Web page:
social difficulties. They largely live in villages and
smaller communities in the mountainous eastern parts of
Taiwan. In recent decades, the indigenous peoples have
been strengthened in their identity and joined together,
despite the fact that they are different, to fight for
rights to areas such as land. Only in the 1990s did they
get the right to use non-Chinese names in public
Traditionally, Taiwanese society is strongly family
oriented and patriarchal. Basically, there is a
Confucian ethic that emphasizes the importance of
honoring parents, ancestors and superiors. The sense of
duty and loyalty are words of honor; great emphasis is
placed on education and work. The collective is superior
to the individual, a Taiwanese is expected to
subordinate their own needs and feelings for the best of
Both individuals and groups fall under the central
concept of "face" - which is about reputation, dignity
and prestige. With modern Swedish, you can call it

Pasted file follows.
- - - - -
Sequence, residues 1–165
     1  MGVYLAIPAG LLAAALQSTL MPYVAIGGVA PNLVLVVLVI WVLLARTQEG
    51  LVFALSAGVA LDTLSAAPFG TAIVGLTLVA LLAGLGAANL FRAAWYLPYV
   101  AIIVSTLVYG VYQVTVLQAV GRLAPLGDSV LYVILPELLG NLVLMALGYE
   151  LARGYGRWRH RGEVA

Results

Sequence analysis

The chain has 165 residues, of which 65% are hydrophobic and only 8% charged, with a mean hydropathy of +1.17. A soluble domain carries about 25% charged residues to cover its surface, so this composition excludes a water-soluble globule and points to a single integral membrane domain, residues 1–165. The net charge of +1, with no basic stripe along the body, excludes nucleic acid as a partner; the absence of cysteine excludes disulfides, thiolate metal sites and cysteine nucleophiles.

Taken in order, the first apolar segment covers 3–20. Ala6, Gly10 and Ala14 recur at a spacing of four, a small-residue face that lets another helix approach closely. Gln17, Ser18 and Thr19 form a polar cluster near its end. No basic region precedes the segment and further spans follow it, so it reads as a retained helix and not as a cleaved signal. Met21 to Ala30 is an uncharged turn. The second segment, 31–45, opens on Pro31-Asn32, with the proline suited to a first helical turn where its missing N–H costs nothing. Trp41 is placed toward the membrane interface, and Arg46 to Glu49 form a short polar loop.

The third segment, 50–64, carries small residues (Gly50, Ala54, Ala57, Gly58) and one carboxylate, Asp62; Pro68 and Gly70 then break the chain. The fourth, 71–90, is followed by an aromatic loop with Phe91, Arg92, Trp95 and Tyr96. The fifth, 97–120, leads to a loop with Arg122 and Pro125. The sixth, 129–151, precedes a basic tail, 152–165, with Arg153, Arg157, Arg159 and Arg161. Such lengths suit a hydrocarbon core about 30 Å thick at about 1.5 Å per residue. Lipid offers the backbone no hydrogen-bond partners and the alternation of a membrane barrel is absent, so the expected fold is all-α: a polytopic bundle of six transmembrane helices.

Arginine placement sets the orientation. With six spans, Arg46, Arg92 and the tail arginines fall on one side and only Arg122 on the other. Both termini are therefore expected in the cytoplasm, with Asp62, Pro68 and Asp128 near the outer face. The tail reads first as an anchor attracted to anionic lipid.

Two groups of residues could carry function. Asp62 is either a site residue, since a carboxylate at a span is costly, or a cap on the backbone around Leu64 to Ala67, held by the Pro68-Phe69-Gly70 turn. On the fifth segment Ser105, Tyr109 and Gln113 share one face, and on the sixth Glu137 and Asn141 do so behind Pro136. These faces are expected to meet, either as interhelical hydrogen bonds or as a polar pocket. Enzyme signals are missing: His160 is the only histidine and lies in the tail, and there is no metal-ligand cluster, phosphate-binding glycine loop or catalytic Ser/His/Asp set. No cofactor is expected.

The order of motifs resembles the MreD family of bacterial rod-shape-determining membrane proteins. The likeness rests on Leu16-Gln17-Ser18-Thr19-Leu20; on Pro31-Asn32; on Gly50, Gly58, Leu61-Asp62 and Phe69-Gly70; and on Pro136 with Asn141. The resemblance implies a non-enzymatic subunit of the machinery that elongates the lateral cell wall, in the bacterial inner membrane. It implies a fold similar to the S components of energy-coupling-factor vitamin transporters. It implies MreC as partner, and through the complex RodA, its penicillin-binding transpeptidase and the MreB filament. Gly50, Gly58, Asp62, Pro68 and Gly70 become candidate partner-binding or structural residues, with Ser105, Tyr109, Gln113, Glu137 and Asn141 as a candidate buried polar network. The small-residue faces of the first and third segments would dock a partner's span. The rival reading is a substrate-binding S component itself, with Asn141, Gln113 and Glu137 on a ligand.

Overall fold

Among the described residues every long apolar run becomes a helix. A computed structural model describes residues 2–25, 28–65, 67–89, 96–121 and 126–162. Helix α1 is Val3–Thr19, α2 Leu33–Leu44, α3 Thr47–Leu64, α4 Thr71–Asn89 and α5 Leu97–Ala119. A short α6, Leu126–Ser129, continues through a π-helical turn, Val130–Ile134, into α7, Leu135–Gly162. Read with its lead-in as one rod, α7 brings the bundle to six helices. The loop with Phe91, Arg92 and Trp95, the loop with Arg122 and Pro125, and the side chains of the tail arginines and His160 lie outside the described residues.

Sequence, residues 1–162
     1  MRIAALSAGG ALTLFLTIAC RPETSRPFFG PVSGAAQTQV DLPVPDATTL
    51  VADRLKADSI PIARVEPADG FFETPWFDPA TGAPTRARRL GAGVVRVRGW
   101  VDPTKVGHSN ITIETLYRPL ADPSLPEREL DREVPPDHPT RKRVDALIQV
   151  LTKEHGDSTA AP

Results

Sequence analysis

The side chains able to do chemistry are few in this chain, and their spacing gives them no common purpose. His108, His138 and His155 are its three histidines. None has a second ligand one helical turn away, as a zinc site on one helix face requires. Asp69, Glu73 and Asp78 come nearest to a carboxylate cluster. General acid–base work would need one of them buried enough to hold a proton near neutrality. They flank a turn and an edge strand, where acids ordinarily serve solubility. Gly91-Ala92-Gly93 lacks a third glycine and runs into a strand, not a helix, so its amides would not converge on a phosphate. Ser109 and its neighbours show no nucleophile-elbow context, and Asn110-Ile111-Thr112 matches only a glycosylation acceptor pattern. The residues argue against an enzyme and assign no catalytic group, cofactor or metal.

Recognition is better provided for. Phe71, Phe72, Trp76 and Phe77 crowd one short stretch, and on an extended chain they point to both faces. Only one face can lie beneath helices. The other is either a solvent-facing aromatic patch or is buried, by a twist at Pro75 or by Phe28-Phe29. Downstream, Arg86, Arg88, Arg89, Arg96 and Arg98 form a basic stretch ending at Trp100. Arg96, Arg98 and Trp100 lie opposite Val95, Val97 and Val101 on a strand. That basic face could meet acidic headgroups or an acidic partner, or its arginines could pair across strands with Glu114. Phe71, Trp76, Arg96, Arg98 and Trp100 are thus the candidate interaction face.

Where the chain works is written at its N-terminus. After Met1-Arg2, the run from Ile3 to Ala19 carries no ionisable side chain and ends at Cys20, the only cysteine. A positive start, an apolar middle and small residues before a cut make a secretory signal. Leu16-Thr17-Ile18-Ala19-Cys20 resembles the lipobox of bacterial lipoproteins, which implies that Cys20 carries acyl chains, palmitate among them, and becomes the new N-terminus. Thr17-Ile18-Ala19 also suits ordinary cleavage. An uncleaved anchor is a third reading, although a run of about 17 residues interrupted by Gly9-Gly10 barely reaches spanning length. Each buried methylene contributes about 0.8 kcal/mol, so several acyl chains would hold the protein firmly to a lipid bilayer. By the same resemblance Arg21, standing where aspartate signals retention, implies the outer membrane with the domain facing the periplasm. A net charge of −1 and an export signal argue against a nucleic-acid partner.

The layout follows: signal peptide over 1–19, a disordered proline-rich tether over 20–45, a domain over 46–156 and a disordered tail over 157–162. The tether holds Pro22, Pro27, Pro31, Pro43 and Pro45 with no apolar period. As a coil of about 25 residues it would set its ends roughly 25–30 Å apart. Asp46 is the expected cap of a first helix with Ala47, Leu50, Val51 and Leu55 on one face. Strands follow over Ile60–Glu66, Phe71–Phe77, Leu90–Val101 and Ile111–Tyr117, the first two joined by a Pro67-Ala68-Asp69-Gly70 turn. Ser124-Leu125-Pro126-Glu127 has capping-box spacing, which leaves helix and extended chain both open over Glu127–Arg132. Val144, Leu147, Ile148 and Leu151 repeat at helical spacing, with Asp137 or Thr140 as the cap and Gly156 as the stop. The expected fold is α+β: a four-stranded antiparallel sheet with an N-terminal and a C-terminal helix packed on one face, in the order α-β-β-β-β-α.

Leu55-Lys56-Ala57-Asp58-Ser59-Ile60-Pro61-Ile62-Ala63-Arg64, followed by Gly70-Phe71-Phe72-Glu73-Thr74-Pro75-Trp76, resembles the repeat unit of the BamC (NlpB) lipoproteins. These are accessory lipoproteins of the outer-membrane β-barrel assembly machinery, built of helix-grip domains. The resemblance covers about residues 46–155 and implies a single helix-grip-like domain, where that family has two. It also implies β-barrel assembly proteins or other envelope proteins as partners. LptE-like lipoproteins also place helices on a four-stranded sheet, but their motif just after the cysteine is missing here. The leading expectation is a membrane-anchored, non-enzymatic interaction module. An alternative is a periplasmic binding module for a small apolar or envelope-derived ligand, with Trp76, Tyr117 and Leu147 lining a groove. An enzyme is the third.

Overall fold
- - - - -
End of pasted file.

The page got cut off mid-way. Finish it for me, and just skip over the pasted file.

avoidance as something that is "shameful". For many
Taiwanese, this is more important than something that
can be bought for money. You want to avoid losing your
face at all costs and, if necessary, have to act to save
your face. If a counterparty is in some way embarrassed
or humiliated in public, it is important to do what you
can to remedy: apologize, take on the blame, divert
attention, et cetera.
The most important collective is the family or the
family. The family may also include ancestors. Together
with gods and spirits, they are happy to have a cup of
tea or wine served on the family altar. Family names tie
together people. From the outset, it was not necessarily
blood ties, but could include people from one and the
The ideal family consists of several generations: